Contract pending on 'grand' Waverley Mansion

- Courtesy Photo
DTL Staff
Staff Writer

A “bargain-basement” price may have been enough to attract a buyer for one of the most recognizable landmarks not just in Clay County but also in the region and state.
Waverley Mansion, the grand 8,000-square-foot showplace just a stone’s throw from the banks of the Tombigbee River in far eastern Clay County, is under contract.

The contract was signed Sunday, according to listing agent Natalie Morgan of Starkville Properties, but the details of how much or who the potential buyer is aren’t being disclosed.

“I can’t disclose anything. My clients have asked for privacy and confidentiality,” Morgan said of the pending transaction.

She said she couldn’t even reveal when it might close, any of the stipulations or when the possible buyers might go public.
 The home, which features unique matching staircases leading to the upper floors, has been on the market for well over a year, although a family member of the sellers still lives on the property and gives regular tours.

Originally listed at $2.9 million, the price for the home and 34 acres had been dropped to $1.2 million, making it much more attractive to buyers. Since putting the property on the market, the Snow family has said its goal was to find a buyer who would carry on the restoration and continue the site’s historic traditions.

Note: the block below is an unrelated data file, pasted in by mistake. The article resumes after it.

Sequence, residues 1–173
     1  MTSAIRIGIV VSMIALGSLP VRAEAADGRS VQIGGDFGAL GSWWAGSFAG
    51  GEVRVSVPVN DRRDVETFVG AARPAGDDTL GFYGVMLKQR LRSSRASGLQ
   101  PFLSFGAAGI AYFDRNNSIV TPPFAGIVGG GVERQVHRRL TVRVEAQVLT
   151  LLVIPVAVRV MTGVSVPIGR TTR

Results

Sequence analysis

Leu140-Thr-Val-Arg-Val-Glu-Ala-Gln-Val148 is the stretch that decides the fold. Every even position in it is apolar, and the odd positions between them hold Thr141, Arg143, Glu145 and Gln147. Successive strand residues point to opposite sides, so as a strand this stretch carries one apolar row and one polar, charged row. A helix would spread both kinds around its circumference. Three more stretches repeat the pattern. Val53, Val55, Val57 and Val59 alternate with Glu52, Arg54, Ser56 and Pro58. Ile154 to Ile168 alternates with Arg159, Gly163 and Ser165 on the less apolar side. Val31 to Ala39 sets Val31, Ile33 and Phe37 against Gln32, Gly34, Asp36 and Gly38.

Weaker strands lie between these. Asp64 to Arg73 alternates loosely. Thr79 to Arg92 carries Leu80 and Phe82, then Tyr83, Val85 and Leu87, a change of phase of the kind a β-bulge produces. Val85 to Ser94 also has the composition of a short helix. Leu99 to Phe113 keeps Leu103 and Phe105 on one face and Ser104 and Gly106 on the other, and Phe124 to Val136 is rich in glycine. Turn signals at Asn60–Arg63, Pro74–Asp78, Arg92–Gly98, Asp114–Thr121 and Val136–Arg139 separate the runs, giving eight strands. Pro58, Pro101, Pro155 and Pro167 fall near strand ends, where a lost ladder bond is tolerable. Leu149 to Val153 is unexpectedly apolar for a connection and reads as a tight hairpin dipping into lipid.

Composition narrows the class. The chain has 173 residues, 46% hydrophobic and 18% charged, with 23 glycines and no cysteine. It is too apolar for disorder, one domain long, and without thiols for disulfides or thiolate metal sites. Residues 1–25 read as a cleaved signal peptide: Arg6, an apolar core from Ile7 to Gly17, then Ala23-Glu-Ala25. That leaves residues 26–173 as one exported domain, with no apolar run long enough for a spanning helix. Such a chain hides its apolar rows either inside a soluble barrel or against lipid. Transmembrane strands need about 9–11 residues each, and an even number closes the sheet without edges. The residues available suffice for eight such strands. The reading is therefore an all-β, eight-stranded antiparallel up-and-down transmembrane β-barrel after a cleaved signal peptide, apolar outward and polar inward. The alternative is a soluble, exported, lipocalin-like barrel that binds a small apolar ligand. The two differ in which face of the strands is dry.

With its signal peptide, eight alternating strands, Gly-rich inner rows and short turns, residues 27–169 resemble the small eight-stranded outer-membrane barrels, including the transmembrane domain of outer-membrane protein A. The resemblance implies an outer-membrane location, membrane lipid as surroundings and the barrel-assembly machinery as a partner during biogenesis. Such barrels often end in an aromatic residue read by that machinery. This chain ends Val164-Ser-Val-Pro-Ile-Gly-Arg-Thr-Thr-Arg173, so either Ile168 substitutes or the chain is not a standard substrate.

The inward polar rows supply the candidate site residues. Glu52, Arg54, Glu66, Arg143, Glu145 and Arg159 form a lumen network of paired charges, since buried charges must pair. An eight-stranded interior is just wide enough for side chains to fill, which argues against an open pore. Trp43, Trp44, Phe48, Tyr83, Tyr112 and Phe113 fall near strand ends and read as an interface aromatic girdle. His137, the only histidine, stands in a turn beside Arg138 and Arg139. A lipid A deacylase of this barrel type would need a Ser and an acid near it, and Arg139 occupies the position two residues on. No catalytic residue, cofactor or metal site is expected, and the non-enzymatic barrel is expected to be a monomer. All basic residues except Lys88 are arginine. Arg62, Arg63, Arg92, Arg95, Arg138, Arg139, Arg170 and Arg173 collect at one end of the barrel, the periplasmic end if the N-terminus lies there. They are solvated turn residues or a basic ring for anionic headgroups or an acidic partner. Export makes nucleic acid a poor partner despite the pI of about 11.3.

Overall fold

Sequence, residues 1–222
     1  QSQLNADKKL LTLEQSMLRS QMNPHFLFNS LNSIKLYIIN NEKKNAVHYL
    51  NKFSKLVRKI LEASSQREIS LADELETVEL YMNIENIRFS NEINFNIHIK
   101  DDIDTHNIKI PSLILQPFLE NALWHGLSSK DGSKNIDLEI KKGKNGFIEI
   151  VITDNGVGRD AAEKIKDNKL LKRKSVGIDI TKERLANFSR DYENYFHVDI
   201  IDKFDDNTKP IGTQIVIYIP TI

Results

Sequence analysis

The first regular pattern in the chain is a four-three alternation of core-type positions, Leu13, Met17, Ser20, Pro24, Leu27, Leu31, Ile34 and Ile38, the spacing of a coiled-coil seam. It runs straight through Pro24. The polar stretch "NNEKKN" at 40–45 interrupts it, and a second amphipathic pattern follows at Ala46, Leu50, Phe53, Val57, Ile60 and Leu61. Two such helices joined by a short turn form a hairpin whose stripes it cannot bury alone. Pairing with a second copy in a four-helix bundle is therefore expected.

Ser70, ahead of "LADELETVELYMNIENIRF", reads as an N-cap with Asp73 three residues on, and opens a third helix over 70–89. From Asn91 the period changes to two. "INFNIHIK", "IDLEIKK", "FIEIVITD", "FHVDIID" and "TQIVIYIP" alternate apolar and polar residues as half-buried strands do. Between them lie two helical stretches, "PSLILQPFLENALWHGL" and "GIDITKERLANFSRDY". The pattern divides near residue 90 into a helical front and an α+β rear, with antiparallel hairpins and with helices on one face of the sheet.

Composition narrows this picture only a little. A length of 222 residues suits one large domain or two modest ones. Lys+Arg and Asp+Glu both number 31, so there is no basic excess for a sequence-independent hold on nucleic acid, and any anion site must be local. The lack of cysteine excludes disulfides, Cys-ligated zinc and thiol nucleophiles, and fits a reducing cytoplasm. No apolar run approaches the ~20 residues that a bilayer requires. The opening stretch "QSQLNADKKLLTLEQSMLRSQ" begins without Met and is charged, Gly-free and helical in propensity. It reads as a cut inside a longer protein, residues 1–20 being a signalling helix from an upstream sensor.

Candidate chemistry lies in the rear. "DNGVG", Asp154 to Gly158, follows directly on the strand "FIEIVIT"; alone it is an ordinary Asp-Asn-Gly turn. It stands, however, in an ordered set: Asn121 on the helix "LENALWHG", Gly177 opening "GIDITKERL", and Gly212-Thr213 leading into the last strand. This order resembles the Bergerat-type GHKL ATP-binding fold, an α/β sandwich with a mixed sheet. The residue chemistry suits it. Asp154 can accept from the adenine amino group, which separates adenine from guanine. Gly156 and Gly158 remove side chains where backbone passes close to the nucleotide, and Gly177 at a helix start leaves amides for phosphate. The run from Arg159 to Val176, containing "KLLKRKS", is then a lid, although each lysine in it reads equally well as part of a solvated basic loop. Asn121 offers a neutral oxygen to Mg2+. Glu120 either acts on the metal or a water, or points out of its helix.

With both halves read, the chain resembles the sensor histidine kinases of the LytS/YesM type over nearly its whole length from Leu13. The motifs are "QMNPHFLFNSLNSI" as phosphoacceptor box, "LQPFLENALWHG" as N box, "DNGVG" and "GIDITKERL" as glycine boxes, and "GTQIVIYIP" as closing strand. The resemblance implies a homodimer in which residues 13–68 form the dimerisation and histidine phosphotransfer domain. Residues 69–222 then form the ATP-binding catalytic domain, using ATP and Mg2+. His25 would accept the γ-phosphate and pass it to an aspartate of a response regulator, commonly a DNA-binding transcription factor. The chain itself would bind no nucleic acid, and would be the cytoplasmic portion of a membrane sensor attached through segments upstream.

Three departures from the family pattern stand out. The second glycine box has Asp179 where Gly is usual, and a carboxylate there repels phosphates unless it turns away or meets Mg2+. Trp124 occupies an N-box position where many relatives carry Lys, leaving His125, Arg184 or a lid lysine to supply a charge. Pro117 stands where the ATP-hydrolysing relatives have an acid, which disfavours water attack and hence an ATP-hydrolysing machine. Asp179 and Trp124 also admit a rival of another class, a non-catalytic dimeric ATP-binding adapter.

The Greek Revival marvel was built in 1852 by Col. George Hampton Young and once was part of a 50,000-acre plantation. Listed on the National Register of Historic Places, it also has the distinction of being only one of about 40 sites in the state deemed a National Historic Landmark.

But despite all its history and grandeur, the property sat vacant and decaying from 1913 to 1962 when it was rescued by Donna and Robert Snow and their family. While raising four children on the grounds, they slowly restored the home one room at a time. As their work progressed, they often entertained with Donna serving as a hostess and Robert tell stories to all who would listen.
She died in 1991 at age 67.

Robert died in 2017 at age 91, having seen the home’s reputation spread across the nation. One of the daughters, Melanie Snow continues to live on there and give tours, continuing to spread that reputation, which includes being a popular backdrop for weddings and receptions.